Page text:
Led by Minority Leader Nancy Pelosi (D-Calif.), 132 House Democrats filed a brief in the Ninth Circuit Court of Appeals on Tuesday arguing that the Defense of Marriage Act (DOMA) is discriminatory and unconstitutional.
In the brief, which was filed in the case of Golinski v. U.S. Office of Personnel Management, the members of Congress argued that DOMA "lacks a rational relationship to any legitimate federal purpose and accordingly is unconstitutional." Karen Golinski, a federal employee who is married to another woman, launched the suit to force the federal government to give her spouse the same benefits afforded to heterosexual couples.
House Democrats had previously filed a similar brief in the First Circuit Court of Appeals, which ruled DOMA unconstitutional in May.
The paper also swiped at House Speaker John Boehner (R-Ohio), who has used the House's Bipartisan Legal Advisory Group (BLAG) to defend DOMA from legal challenges. After the Obama administration announced last February that it would no longer back DOMA in court, Boehner and Republican leaders raised large sums of money to continue defending the law.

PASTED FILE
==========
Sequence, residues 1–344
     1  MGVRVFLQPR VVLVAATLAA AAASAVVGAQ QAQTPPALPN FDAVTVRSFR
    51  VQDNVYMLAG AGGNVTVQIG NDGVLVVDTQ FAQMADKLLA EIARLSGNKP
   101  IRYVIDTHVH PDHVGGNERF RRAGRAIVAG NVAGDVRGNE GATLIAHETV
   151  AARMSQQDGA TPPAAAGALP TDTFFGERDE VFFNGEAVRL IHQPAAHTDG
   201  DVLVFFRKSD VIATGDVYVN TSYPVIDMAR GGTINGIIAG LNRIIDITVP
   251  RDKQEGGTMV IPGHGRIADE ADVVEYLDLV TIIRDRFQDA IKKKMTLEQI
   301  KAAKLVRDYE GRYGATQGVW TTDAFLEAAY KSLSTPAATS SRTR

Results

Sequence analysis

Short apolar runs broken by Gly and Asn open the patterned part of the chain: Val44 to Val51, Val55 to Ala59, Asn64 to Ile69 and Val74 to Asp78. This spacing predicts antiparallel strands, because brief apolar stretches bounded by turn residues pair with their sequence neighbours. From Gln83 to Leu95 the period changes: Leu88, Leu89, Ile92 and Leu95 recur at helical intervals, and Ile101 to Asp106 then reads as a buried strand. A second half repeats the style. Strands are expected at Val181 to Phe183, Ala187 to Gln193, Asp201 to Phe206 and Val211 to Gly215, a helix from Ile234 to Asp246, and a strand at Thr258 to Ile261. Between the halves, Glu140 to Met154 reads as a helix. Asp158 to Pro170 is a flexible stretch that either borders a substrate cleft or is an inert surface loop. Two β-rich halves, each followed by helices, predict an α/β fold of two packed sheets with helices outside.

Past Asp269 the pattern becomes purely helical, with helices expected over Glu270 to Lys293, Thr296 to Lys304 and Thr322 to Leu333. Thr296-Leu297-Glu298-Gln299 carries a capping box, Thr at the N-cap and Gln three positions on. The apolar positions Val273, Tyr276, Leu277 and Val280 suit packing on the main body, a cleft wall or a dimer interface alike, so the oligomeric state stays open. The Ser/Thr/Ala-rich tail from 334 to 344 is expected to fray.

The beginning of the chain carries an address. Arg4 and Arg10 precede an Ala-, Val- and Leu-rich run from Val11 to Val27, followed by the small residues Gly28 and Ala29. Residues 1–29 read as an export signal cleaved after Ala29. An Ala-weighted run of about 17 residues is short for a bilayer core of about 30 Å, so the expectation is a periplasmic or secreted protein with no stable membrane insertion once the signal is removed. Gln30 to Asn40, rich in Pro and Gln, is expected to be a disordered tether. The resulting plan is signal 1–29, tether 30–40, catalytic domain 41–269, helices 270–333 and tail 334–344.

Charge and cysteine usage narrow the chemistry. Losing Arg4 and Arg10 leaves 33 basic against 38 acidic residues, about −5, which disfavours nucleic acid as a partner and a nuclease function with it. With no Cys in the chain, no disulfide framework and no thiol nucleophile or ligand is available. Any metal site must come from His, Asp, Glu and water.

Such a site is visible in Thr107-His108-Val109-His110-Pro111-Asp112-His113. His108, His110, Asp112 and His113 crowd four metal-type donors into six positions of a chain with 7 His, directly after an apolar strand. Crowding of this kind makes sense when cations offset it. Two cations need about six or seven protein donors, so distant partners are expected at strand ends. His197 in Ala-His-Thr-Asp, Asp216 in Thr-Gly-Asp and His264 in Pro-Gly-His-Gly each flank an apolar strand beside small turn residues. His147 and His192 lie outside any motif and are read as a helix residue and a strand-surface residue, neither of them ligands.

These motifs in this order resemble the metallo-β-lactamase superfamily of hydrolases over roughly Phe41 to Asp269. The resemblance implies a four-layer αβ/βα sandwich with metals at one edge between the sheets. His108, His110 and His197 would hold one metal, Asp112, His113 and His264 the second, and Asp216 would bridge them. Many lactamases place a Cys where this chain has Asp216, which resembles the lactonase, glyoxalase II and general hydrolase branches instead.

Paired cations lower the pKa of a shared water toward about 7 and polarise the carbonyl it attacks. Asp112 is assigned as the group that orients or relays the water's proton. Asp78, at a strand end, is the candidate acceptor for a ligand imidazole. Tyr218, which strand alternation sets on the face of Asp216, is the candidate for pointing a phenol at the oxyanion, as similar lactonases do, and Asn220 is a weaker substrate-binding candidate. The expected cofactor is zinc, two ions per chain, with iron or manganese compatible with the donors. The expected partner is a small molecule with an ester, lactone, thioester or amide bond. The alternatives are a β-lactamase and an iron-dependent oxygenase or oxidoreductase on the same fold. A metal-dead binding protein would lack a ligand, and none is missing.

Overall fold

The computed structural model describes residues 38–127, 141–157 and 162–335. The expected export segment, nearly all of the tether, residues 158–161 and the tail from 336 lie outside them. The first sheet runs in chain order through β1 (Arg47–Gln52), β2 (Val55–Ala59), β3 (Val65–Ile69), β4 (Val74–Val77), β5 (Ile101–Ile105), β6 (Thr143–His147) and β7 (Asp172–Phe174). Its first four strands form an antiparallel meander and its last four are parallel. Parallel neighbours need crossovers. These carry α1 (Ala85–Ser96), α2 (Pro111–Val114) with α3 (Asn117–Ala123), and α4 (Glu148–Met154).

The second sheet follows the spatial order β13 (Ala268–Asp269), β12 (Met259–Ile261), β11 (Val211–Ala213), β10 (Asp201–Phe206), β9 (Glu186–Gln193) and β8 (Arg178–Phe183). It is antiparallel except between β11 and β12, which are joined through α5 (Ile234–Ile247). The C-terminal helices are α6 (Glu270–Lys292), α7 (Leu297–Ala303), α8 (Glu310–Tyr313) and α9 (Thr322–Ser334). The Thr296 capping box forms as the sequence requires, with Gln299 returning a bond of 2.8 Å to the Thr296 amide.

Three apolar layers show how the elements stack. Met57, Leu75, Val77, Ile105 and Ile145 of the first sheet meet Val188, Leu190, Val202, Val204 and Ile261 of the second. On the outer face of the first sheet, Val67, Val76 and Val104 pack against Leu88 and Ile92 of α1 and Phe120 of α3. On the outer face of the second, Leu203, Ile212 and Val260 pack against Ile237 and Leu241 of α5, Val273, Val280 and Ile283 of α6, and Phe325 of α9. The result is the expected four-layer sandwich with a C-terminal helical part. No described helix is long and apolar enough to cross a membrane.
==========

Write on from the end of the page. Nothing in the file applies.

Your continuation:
In addition to BLAG, a group of ten Republican Senators also filed their own brief in June asking the court to uphold DOMA.
The Democrats wrote that they "wish to make clear that the Bipartisan Legal Advisory Group (“BLAG”), does not speak for a unanimous House on this issue. While Speaker Boehner directed the defense of DOMA by virtue of the divided 3-2 vote of the BLAG, many Members believe that Section 3 of DOMA violates the Constitution and should be struck down."
But the Democrats also remain divided on the issue. While a large majority of House Democrats, including the full party leadership, joined Pelosi in the brief, the remaining 60 House Democrats declined to participate in what was billed as the "the Democratic Members' brief."
Yet according to BuzzFeed, twenty of the Democrats who did not sign the brief have nevertheless cosponsored the Respect for Marriage Act, a proposed bill to repeal DOMA. The high-profile brief carries greater political risk than the bill, which has advanced to the Senate floor but has little prospect of passing in the GOP-led House.